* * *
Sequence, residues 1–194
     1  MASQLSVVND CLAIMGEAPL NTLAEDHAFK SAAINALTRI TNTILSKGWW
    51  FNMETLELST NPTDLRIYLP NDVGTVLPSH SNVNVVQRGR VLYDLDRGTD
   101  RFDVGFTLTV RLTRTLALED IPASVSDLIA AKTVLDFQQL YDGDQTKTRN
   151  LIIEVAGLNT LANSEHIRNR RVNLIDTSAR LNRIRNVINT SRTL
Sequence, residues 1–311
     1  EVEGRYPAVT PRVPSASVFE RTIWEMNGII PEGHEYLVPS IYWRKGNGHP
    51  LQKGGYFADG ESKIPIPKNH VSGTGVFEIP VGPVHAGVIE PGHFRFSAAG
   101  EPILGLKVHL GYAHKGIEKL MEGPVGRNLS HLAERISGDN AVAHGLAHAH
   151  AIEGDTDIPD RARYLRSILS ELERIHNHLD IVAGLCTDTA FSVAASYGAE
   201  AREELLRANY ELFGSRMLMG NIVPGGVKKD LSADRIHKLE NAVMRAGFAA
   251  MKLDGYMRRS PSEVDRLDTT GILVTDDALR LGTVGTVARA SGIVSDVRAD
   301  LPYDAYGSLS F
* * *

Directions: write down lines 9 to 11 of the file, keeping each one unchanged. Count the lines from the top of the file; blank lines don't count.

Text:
   101  EPILGLKVHL GYAHKGIEKL MEGPVGRNLS HLAERISGDN AVAHGLAHAH
   151  AIEGDTDIPD RARYLRSILS ELERIHNHLD IVAGLCTDTA FSVAASYGAE
   201  AREELLRANY ELFGSRMLMG NIVPGGVKKD LSADRIHKLE NAVMRAGFAA